When defining your Global Mobility strategy, you are most likely considering how to grow and shape your international team by bringing new talent onboard. When thinking about hiring internationally within the EU, immigration quickly becomes a topic.You might have heard about the EU Blue Card, but are maybe not entirely sure what this work permit is all about and how to get started with international hiring.
No worries! We will guide you through the bureaucratic Blue Card jungle and explain all the benefits the Blue Card brings with it.
What is the EU Blue Card?
The idea of the EU Blue Card was to fill skill shortages in Europe’s labour markets, minimize bureaucracy and enhance alignment within the EU. This work permit gives highly-qualified workers from outside the EU the right to live and work in an EU country. It offers many perks such as easier family reunion and as well the opportunity to obtain permanent residency more quickly.
The Blue Card applies in 25 of the 27 EU countries, it doesn’t apply to Denmark and Ireland.
On 17th May 2021, the European Commission welcomed the agreement reached by the European Parliament and the Council on new rules for the entry and residence of highly skilled workers from outside the EU under the revised Blue Card Directive.
This new scheme is supposed to introduce efficient rules for attracting highly skilled talent to the EU, including more flexible admission conditions, qualifications and skills equivalency and Intra-EU Mobility. The European Parliament and the Council still need to formally confirm the political agreement by adopting the EU Blue Card Directive - we will keep you updated.
Who is eligible for the EU Blue Card?
- Highly-qualified or skilled workers
- Vocational trainees
- Seasonal workers
- Intra-corporate transfers
What is the EU Blue Card about?
In comparison to regular, national work permits, the Blue Card comes with a range of benefits:
- The employee can travel (not work though!) freely within the EU
- If Blue Card holders are in the possession of a Blue Card for at least 18 months and lived in the country in which the permit was granted, they can move to another country and re-apply for the Blue Card there
- It’s easier to relocate with a spouse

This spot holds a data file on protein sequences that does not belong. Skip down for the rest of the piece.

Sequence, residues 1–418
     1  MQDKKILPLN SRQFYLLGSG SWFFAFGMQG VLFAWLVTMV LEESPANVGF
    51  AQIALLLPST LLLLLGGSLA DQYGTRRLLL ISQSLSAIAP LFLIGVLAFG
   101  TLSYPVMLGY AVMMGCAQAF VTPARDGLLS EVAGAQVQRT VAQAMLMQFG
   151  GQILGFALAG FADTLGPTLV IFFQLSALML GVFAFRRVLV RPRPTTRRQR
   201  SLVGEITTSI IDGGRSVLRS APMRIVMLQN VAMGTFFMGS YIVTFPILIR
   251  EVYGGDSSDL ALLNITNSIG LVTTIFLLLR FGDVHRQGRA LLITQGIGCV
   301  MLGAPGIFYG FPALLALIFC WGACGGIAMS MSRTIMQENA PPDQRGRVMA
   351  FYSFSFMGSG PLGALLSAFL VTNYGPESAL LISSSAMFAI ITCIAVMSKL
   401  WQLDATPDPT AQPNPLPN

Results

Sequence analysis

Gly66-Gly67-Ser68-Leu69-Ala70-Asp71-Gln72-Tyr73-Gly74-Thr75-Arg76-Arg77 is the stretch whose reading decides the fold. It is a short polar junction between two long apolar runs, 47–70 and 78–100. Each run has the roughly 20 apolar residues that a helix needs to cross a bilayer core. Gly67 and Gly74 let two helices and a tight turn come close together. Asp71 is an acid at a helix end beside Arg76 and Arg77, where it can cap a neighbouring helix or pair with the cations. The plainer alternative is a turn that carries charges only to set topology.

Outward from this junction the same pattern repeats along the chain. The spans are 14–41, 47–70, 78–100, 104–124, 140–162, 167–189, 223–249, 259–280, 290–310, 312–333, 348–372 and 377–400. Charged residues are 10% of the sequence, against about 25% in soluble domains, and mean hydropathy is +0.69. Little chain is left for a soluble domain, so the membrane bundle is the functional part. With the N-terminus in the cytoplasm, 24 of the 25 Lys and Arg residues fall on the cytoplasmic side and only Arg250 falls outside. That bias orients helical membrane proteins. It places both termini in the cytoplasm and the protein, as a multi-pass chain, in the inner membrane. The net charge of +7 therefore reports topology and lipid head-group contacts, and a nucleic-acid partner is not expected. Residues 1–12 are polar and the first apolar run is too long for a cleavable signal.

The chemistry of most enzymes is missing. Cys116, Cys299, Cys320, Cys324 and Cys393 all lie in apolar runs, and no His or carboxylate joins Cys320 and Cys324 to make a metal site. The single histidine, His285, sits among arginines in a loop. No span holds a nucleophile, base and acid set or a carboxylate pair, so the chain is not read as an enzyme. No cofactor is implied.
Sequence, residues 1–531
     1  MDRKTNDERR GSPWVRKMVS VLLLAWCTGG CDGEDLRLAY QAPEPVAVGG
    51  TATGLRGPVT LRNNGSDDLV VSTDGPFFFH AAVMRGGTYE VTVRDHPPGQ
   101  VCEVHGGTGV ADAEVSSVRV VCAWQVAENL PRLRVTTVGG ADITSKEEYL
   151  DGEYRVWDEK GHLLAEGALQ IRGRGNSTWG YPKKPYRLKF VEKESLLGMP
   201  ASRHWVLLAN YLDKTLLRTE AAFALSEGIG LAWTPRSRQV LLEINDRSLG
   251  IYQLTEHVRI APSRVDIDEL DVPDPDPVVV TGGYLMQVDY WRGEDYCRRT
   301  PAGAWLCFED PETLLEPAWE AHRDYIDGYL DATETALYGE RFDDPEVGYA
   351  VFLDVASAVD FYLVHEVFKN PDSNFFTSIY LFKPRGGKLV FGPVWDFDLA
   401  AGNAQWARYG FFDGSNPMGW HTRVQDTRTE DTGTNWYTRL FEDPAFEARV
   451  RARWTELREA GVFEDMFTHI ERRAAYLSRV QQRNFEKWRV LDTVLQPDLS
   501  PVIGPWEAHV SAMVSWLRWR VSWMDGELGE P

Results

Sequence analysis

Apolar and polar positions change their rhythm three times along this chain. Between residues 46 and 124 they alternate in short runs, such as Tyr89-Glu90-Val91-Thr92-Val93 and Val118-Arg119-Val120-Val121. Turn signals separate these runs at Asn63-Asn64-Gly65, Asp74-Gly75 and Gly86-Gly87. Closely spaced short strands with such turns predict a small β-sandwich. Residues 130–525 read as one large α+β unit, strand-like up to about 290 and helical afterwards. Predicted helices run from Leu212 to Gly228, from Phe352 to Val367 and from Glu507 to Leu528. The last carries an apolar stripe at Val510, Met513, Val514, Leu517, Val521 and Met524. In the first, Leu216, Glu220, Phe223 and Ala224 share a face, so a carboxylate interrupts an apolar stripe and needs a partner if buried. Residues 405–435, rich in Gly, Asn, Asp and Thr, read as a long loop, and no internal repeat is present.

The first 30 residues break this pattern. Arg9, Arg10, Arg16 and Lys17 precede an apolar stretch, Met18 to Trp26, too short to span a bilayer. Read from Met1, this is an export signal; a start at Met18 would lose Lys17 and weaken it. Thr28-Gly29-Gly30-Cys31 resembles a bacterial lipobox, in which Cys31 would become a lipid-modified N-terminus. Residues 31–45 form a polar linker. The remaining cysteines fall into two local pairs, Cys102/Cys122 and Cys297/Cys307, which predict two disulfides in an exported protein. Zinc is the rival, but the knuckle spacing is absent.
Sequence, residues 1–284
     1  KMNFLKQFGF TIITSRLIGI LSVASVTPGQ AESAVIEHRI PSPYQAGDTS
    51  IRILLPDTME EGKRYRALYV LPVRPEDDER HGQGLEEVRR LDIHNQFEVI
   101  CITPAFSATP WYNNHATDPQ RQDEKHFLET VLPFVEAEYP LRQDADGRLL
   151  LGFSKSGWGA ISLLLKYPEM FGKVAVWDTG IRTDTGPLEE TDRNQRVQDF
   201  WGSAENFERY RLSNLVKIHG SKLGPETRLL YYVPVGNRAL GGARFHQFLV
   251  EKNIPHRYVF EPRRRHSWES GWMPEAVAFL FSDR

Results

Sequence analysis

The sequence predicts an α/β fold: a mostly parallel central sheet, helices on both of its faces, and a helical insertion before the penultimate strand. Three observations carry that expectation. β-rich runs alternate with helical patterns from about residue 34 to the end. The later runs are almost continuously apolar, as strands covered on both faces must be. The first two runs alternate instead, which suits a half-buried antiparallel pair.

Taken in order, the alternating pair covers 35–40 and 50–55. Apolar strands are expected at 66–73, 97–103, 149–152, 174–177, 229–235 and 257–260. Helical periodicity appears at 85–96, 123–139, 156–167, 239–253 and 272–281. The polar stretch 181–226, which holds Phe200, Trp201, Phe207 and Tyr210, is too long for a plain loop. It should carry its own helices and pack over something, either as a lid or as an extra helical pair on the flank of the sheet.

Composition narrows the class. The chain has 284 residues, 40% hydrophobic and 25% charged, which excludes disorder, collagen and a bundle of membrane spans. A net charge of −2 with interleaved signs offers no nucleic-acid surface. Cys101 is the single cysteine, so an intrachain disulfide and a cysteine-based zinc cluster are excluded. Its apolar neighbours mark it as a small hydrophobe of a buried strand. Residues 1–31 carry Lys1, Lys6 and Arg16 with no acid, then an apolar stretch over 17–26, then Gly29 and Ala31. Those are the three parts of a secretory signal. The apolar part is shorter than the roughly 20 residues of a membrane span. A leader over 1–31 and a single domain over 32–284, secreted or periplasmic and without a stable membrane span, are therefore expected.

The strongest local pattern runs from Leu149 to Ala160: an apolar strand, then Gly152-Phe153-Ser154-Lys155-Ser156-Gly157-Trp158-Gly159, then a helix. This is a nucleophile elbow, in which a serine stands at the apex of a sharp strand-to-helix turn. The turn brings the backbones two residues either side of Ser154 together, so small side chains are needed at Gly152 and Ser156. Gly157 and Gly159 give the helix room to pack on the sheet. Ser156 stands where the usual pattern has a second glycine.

- At some authorities it’s easier to book appointments for Blue Card candidates
Let’s take a look at the Blue Card across different countries in Europe:
While the EU Blue Card is in place in most EU countries, German companies really love the Blue Card: Germany issues more Blue Cards than all other EU states combined (EUROSTAT, 2019). EU countries have national immigration policies in place to attract highly-skilled talent, which explains this difference (in parts).
The Blue Card Requirements: Example Germany
So, what do you need to consider if you would like to hire e.g. a software engineer from outside the EU for your tech team? In order to obtain the Blue Card in Germany for your future employee, the following prerequisites need to be taken into account:
- The position in Germany must be remunerated with a gross annual income of at least EUR 56,800 (in 2021). A gross annual salary of at least EUR 44,304 (in 2021) is required for employees in skilled labour shortages as in the fields of mathematics, IT, natural sciences, engineering and human medicine. In such cases, the German Federal Employment Agency must approve the request for employment.
- The candidate must provide proof of having completed higher education which needs to match the job title. If the e.g. university degree was not acquired in Germany, it must either be recognized or be comparable to a German higher education qualification. The degree can be checked in the anabin database. If the degree isn’t recognized in Germany, it’s possible to obtain a statement of Comparability by the Central Office for Foreign Education.
Good to know:
- Visa-free entry: Nationals of Australia, Canada, Israel, Japan, the Republic of Korea, New Zealand, the United Kingdom of Great Britain and Northern Ireland and the United States of America can enter Germany visa-free. However, they must subsequently apply for the EU Blue Card at the responsible immigration authority within three months. Important: It’s only possible to take up employment once the EU Blue Card has been issued.
- Permanent residency: Blue Card holders can obtain permanent residency after a period of 33 months. If the employee can proof efficiency in German at level B1 or higher, this period can be reduced to 21 months.
- Validity: The Blue Card is issued for a period of four years if the employment contract is unlimited. In the case that the duration of the employment contract is shorter than four years, it is issued for the duration of the employment contract, plus three months
You have now all the information about the Blue Card in a nutshell, but don’t know how to start the application process? No worries, we got you covered! Download our Essential checklist to the EU Blue Card and get to know how you can support your employee with the application. You still have questions about the EU Blue Card? Get in touch with us, we can help you!
Please note that this blog article is based on our experience and does not contain legal advice.